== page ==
“To see a national bank experimenting with how [a prepaid card] can be part of a product portfolio is very interesting,” Rachel Schneider, the vice president for innovation research and policy at the Center for Financial Services Innovation, said, CNBC News reports.
Schneider said that the card could reel in customers who are unable to afford the monthly fees associated with a Chase checking account as well as recoup revenue lost as a result of the Durbin Amendment.
The Durbin Amendment, a provision of the 2010 Dodd-Frank Act, caps the interchange or swipe fee — the amount a bank can charge a retailer to process a debit transaction — at 24 cents. The provision applies to all banks with more than $10 billion in assets but would not apply to transactions linked to a prepaid card like Chase Liquid.
For a fee of $4.95 per month, Chase Liquid customers can add $25 or more to the card to start with. After the initial fund load, customers are not required to maintain a minimum balance on the card.
The card does offer a direct deposit feature, so paychecks can be directly deposited onto the card, and checks and other cash can be loaded onto the card for free if the customer uses a Chase deposit-friendly ATM. Customers are also able to withdraw cash from the card for free at a Chase ATM and use the card for purchases wherever Visa is accepted.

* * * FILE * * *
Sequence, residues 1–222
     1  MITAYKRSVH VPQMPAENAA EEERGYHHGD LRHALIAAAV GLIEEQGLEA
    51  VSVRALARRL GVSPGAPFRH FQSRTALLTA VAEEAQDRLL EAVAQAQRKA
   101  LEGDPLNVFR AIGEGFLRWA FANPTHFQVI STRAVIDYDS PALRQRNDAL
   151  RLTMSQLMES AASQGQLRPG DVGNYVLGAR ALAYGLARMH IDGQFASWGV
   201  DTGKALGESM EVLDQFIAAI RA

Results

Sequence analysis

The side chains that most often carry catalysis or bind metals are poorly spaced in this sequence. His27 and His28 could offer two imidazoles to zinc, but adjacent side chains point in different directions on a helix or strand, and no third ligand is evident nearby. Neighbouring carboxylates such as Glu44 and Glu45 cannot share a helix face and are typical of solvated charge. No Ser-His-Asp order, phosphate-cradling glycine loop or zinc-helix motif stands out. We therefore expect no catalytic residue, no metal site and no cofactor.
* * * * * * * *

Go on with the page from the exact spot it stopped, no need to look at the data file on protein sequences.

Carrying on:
“Chase Liquid is a low-cost alternative to traditional checking accounts, and its terms are clear and simple,” JPMorgan Chase CEO of Consumer Banking Ryan McInerney said, CNBC News reports.
Greg McBride of Bankrate.com said that the card is a “very transparent offering in a marketplace that is rife with fees for various transactions,” adding that many prepaid card fees are not always clearly disclosed to consumers, according to CNBC News.
Prepaid card spending has grown substantially as of late. More than $50 billion was loaded onto prepaid cards in 2011, with that number expected to increase to $160 billion by 2014.